• Make a sandwich with low-fat mozzarella cheese, sliced tomatoes, and fresh basil leaves; add fresh leaves to green salads.


  • Sprinkle dried thyme onto cooked vegetables in place of butter or margarine.
  • Add 1/8 teaspoon dried thyme to two scrambled eggs, and to salad dressings.
  • Use it in a rub when cooking salmon.
  • Add fresh thyme to chicken salad and chicken soup.


  • Add dried crushed rosemary to mashed potatoes and vegetable omelets.


  • Add chopped flat leaf parsley to meatballs and meat loaf, and to bulgur salad.


  • Grate fresh ginger into quick bread batters and vinaigrette.
  • Add chopped ginger to stir-fries. Sprinkle ground ginger on cooked carrots.


  • Sprinkle ground cloves on applesauce, add to quick bread batters, and add a pinch to hot

Facing Depression

March 17, 2008 by  
Filed under DEPRESSION

By Nancy Hine

These days hardly a week seems to go by without my hearing some news item relating to depression. You would have to have your head buried in the sand not to be aware that diagnosis is increasing, that prescription of antidepressants has reached an all time high and that the effectiveness of antidepressants is being challenged.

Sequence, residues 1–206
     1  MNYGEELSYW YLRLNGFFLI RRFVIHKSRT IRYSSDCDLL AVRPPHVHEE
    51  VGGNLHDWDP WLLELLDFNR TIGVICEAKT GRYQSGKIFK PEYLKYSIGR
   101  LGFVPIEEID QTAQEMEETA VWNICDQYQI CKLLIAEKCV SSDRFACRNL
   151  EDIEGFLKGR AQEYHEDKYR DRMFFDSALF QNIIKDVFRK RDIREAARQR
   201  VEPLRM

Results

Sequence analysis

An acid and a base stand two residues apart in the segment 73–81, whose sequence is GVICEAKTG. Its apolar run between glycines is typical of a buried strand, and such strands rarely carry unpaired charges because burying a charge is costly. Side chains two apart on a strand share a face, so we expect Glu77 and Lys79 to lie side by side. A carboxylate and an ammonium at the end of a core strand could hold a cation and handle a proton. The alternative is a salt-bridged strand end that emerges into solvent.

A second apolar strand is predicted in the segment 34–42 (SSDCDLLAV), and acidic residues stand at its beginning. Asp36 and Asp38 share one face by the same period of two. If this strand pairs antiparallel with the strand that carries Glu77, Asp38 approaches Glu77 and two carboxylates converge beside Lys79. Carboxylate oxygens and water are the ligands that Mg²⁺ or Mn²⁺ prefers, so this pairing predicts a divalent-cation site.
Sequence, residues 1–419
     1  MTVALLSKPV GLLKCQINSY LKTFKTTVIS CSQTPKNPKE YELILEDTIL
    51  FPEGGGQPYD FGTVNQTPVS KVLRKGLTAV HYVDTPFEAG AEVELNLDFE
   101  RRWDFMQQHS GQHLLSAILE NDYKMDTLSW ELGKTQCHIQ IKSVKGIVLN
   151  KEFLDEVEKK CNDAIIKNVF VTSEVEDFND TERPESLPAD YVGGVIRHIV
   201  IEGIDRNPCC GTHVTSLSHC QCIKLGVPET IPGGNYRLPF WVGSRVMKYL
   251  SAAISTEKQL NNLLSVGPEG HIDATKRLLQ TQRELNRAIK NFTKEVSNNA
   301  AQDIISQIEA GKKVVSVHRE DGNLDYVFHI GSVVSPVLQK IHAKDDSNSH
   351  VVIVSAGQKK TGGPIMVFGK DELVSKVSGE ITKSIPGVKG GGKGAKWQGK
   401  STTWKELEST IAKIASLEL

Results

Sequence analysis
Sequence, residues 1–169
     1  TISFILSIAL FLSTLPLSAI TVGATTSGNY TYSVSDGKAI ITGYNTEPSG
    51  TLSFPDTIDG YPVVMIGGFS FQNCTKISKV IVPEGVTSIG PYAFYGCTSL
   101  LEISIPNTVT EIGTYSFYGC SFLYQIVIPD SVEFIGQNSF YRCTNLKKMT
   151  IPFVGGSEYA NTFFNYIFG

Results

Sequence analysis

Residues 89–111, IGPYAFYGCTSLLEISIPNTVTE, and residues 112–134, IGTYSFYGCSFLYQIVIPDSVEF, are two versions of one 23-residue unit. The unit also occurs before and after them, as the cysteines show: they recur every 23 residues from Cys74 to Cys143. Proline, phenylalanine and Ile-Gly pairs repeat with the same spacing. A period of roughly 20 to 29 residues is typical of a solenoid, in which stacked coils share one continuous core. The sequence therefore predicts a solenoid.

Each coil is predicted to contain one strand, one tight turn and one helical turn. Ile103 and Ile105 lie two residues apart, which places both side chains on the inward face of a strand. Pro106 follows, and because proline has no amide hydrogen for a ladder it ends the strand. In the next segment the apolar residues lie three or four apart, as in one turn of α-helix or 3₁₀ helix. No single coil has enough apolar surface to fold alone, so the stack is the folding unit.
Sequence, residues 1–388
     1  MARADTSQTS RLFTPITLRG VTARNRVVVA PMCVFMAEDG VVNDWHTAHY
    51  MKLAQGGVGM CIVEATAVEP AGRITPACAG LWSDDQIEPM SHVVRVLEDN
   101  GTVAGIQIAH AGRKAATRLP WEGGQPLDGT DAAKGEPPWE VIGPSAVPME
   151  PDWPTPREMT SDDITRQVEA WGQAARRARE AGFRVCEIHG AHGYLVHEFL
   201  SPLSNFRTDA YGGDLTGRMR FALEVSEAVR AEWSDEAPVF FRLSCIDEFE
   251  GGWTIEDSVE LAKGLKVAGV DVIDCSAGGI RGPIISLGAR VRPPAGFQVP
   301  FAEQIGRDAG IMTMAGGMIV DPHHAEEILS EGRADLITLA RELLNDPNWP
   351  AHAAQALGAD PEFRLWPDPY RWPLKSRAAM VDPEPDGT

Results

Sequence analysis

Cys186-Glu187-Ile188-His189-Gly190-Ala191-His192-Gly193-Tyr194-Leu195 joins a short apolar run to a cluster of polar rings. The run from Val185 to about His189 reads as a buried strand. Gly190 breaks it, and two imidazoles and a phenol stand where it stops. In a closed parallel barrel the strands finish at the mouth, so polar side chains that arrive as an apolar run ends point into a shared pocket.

So how does all this affect you if you are depressed? Despite NICE guidelines recommending counselling rather than antidepressants for mild to moderate depression, you are still likely to find your GP offering you antidepressants. If your doctor is enlightened enough to refer you for counselling you are likely to face a wait of several weeks, or perhaps even months, for an initial assessment and then sometimes a further wait of weeks to start your therapy. The counselling itself is then likely to be limited to six to twelve weeks, although the Department of Health’s own report in 2001 stating that ‘often 16 sessions or more may be required for symptomatic relief and longer therapies may be required to achieve lasting change in social and personality functioning’.